My favorite poem of his comes from the third section of a larger poem entitled “A Man Young and Old.” This is “The Mermaid.”

A mermaid found a swimming lad,
Picked him for her own,
Pressed her body to his body,
Laughed; and plunging down
Forgot in cruel happiness
That even lovers drown.




thank God for jealousy

for yearning love


for loving silences, sharp knives

for nights of fire and punished crimes


thank God for sleeplessness

for the daily grind


for rat races, repetitive blame

for wide-ruled lines and waiting for rain


thank God for open wounds

for unhealed scars


for pink-rimmed eyes, pinched nerves

for lessons hard learned and prayers that went unheard

Poetry: Ingrid Jonker

Screen shot 2013-10-02 at 9.30.47 PMI’ve been writing poems since I was ten and poetry has been my primary expression of depression. Over the years, I’ve gotten more into reading different styles and about the lives of poets. Currently, my favorite poet is Ingrid Jonker, a South African poet who wrote during apartheid and whose tragic life has been compared to Sylvia Plath’s. I first discovered her work during research for a paper on the poetry of South African women.

Ingrid was a prolific and highly-recognized poet, but her personal life was always on the brink of collapse. She was rejected by her father for her political beliefs (he was on the board responsible for the censorship of art and literature) and had a series of intense and painful romantic relationships, one of which led to the birth of a daughter. In 1965, Ingrid walked into the ocean and drowned herself. Her most famous poem, known in English as “The Child,” was read by Nelson Mandela during the first meeting of the democratic parliament of South Africa in 1994.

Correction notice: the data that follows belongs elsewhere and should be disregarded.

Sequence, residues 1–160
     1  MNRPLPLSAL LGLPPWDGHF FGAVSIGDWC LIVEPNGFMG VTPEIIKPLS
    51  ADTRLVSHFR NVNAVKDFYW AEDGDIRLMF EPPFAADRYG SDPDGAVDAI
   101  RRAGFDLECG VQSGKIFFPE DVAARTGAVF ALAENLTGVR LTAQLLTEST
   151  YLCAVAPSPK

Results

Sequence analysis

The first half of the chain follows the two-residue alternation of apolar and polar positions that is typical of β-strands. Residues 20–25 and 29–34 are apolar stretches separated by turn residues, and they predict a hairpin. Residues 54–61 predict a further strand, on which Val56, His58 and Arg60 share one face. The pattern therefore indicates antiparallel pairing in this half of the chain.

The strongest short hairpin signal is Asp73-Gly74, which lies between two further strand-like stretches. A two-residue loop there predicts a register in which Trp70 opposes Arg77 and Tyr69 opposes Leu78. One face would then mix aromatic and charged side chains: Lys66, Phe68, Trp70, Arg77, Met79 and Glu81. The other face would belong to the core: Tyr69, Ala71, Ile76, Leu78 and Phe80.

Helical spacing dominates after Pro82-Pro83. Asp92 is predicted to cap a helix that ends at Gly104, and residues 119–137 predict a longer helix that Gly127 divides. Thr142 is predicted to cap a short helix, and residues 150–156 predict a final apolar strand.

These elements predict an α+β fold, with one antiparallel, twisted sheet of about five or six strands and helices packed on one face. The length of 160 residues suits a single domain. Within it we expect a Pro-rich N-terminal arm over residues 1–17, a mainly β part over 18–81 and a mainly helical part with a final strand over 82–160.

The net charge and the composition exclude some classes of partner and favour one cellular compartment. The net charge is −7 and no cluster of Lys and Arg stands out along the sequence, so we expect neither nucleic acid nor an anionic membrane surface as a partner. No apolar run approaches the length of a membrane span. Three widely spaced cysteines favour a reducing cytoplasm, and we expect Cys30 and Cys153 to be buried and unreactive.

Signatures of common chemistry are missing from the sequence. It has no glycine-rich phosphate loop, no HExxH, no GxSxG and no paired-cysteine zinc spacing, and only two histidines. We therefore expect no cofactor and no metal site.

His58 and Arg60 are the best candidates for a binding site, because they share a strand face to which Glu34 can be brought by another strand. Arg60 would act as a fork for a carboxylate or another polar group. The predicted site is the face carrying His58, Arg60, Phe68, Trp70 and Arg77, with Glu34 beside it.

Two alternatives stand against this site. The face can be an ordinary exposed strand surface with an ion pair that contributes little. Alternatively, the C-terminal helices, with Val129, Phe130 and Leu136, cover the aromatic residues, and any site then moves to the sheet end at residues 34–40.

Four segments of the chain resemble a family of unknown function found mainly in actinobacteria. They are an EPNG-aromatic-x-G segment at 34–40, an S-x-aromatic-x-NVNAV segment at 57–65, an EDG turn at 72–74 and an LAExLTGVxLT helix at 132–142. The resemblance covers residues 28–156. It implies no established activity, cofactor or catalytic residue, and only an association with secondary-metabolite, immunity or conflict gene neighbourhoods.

The child is not dead
The child lifts his fists against his mother
Who shouts Afrika ! shouts the breath
Of freedom and the veld
In the locations of the cordoned heart

The child lifts his fists against his father
in the march of the generations
who shouts Afrika ! shout the breath
of righteousness and blood
in the streets of his embattled pride

The child is not dead not at Langa nor at Nyanga
not at Orlando nor at Sharpeville
nor at the police station at Philippi
where he lies with a bullet through his brain

The child is the dark shadow of the soldiers
on guard with rifles Saracens and batons
the child is present at all assemblies and law-givings
the child peers through the windows of houses and into the hearts of mothers
this child who just wanted to play in the sun at Nyanga is everywhere
the child grown to a man treks through all Africa

the child grown into a giant journeys through the whole world
Without a pass